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A History of Spain by Charles E. Chapman

Sidenote Beginnings of the Cortes


Beginnings of the _Cortes_.]

[Sidenote: Legislation.]

For centuries the kings had been in the habit of holding councils of nobles or ecclesiastics, or both, although there was a tendency to exclude the churchmen. In 1137 a council of nobles at N?jera was called the _Cortes_. The popular element was first admitted in 1188, at a _Cortes_ held in Le?n,--possibly the first occasion in the history of Europe when representatives of the towns appeared in such an assembly. The first known instance in Castile occurred in 1250. For a number of years, Le?n and Castile, though become a single kingdom, continued to have a separate _Cortes_. The kings called this body whenever they wished, although they often made promises (which they did not fulfil) to set regular intervals. None of the individuals called, whether nobles, ecclesiastics, or representatives of the _villas_ (or towns), had the right to present themselves; that was left to the choice of the king, but the custom gradually became fixed that certain towns should have the privilege of being represented. Each member had one vote, but the number of representatives from the towns differed, without being subject to a general rule. The towns themselves chose who should represent them, but the methods of choice were various. The _Cortes_ was allowed to make petitions to the king, each branch for itself, and to fix the sum of money that it would grant him. It had no true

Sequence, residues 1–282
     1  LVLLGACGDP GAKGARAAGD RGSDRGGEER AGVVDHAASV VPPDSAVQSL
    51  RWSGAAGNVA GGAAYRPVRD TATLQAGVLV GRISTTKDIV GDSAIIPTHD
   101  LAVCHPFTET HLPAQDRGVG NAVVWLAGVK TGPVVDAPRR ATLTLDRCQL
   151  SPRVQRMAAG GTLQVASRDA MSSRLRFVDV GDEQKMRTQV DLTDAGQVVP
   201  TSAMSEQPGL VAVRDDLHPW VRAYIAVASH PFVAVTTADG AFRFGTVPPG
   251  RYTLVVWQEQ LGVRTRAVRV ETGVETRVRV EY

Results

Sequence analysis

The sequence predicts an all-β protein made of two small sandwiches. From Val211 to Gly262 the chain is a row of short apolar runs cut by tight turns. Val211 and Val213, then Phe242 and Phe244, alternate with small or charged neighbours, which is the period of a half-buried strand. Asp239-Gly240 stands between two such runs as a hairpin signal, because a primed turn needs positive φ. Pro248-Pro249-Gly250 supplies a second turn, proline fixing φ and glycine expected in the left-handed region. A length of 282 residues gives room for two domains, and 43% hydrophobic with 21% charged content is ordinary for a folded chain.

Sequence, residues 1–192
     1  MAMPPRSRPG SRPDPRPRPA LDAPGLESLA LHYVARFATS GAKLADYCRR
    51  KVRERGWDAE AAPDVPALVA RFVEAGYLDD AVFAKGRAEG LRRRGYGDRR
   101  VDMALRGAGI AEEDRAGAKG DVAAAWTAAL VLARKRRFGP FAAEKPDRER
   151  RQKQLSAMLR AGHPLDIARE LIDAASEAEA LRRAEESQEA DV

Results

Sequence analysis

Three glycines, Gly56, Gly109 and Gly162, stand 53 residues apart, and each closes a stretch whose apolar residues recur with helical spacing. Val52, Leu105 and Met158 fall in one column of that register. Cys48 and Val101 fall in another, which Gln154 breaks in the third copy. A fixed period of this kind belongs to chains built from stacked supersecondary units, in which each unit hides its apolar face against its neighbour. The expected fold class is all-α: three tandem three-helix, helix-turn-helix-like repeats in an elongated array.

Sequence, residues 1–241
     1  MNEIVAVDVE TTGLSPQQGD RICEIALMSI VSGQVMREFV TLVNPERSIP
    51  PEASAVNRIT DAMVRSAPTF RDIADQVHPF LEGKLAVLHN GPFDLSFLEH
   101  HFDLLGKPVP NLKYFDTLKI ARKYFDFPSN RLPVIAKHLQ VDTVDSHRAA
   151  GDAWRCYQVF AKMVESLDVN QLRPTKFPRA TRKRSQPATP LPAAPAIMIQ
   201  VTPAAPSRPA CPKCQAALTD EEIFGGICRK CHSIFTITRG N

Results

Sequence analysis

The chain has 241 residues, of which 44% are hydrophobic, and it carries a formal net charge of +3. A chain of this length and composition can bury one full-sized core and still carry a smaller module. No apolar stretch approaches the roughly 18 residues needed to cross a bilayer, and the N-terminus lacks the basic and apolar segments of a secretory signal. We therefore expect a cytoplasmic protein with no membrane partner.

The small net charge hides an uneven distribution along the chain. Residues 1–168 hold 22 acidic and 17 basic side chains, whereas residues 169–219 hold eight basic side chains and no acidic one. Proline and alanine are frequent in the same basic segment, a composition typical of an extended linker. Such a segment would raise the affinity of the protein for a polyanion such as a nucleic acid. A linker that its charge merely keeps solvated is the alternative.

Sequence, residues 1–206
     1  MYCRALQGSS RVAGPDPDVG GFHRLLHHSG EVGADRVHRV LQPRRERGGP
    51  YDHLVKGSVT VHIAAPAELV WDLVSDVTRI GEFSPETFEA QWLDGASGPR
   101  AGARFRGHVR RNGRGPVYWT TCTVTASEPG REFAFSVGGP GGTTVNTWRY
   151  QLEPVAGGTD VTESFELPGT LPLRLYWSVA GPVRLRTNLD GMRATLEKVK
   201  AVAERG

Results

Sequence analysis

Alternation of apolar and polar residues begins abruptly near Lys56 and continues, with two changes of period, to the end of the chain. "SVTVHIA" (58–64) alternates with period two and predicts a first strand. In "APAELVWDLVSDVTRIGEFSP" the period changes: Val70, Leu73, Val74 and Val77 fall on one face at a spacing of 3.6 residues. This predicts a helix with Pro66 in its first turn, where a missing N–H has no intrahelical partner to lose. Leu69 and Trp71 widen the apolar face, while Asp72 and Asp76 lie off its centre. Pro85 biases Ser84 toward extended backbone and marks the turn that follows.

legislative functions, but the king sought its advice, or its approval for his laws, and its influence was such, that it was able to procure desired legislation. The king presided in person at the opening and closing sessions, and through officials of his own appointment at the other meetings. The king continued to be the principal legislative authority, and the law retained its former diversity and its fundamental basis of privilege; the variety even increased, with the introduction of the new social classes. The _Fuero Juzgo_, which was the common law, applied in but few respects. The kings did something in the way of producing greater juridical similarity, as by making dispositions of a general character at meetings of the _Cortes_, and by using certain municipal charters as types, while Ferdinand III commenced to draw up a uniform code, although he did not live to complete it.

[Sidenote: Political life of the towns.]

Municipal organization retained the essential features of the preceding era, such as the local assembly and the various officials, of whom the most important were the judges. The latter came to be called _alcaldes_ (from an Arabic term meaning "the judges"),--an example of Moslem influence. In many cities, there were representatives of the king, called _merinos_ and other names. Communication with the king was also maintained by the use of messengers, now of the king, now of the city. The actual monarchical authority was so slight that the towns often acted with complete independence. Like the nobles they made forays against the Moslems on their own account, or fought one another, or with very good reason attacked neighboring, lawless nobles. For these wars they often formed leagues, or brotherhoods (_hermandades_), of towns (or occasionally leagues which included some nobles), for which special ordinances

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